And chances are however you start out traveling won’t necessarily be how you travel forever. You’ll likely start to incorporate some different types of travel into your plans. But getting a good idea at the start how you want to travel will help. 

And let me tell you, there are a lot of different ways to travel long term. If you’re not sure reach out to the digital nomad community in facebook groups or digital nomad reddits.

Remember what I said at the beginning? There is no right or wrong way to be a nomad. There is just what works for you. So find what that is. 

4. Make some travel plans

Travel doesn’t just happen. It takes a lot of time and energy to get to each destination. It’s something you get better at the more you do it, but it still takes time. Here are some of the best digital nomad cities to get you started.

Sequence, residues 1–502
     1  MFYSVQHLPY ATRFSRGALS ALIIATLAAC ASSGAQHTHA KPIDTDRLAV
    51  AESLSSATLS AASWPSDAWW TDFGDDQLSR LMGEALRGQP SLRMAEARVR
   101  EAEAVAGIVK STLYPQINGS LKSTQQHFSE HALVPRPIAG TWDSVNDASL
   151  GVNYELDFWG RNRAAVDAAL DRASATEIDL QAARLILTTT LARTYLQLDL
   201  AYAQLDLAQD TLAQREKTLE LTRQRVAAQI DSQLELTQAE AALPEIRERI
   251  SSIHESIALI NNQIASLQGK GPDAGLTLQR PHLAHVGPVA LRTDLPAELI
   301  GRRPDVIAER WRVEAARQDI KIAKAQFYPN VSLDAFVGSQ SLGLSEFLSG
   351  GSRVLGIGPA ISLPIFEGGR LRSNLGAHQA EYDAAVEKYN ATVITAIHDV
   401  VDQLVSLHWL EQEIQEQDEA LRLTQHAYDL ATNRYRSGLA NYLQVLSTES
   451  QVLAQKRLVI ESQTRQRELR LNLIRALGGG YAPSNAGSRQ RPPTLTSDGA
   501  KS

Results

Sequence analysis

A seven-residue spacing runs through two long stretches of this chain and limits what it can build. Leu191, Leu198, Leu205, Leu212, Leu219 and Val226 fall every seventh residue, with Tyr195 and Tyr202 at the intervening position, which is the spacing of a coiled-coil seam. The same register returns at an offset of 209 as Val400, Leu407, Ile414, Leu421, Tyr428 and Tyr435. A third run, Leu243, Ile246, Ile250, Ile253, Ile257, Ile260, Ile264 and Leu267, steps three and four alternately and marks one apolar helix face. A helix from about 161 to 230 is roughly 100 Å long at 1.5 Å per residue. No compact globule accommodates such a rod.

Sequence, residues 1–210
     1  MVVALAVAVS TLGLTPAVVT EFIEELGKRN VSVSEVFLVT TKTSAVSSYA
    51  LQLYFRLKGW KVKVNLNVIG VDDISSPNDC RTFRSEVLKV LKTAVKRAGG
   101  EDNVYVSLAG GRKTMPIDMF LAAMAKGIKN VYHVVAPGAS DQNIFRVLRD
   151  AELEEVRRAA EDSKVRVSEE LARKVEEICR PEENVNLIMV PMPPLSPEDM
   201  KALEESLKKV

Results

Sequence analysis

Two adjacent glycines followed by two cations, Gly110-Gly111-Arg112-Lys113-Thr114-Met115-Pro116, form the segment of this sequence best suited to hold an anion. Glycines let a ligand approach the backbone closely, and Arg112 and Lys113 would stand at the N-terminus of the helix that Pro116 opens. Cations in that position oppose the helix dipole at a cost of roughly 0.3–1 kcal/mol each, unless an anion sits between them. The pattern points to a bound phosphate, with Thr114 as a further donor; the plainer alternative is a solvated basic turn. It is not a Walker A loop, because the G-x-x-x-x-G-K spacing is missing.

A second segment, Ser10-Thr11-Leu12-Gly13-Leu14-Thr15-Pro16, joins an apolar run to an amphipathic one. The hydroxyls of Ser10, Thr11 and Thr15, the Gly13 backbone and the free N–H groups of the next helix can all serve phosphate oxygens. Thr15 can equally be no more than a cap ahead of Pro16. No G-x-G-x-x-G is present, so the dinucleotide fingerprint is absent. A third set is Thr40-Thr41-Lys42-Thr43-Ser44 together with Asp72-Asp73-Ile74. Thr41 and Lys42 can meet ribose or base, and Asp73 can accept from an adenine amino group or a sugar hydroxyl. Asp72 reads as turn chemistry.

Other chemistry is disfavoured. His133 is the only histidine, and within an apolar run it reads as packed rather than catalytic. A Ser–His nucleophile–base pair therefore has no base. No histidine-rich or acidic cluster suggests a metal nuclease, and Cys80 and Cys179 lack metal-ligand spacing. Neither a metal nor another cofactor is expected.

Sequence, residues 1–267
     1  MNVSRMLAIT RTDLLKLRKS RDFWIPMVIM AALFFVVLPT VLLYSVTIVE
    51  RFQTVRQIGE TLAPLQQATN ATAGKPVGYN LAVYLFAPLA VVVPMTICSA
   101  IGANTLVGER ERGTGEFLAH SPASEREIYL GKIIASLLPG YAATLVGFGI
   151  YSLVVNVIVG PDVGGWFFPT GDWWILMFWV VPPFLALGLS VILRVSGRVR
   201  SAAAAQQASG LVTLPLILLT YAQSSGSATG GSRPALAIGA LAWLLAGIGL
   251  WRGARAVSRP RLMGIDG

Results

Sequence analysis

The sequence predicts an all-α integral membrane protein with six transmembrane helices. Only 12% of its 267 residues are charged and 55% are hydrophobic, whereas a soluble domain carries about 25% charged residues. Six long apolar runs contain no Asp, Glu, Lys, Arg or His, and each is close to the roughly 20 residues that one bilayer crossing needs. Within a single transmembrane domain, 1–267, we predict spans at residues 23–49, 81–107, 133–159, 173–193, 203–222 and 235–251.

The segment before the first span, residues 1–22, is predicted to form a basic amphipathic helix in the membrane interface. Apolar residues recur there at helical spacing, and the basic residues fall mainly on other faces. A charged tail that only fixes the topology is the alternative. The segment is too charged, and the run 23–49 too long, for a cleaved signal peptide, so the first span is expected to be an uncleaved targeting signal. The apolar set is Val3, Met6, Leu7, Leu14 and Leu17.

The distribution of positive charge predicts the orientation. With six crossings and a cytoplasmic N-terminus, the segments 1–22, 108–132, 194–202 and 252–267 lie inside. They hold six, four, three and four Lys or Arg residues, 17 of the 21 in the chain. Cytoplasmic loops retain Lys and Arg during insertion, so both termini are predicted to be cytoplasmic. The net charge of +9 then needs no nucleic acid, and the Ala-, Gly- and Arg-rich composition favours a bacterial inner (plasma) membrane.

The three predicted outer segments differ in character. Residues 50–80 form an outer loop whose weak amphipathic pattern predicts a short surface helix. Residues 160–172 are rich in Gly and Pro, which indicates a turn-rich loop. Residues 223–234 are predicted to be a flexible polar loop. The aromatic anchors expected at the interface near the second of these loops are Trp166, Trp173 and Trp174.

I usually try to have at a very minimum the first 2 nights booked when I arrive in a new location. Typically I have at least a week or more already figured out. House Sitting really helps figuring out dates in each location, but I still like to take breaks and roam with no responsibilities. 

When I arrived in New Zealand I had the first month figured out. This gave me some breathing room to enjoy and adjust to my new country. Because if you spend all of your time planning travel and not enjoying it, then what’s the point? 

Also, don’t forget to think about Digital Nomad insurance.

5. Go for it!

Once you made some plans- you just have to do it! 

I’m a planner and I advocate planning, but you can only plan so much. Eventually you have to book that ticket and get on the plane.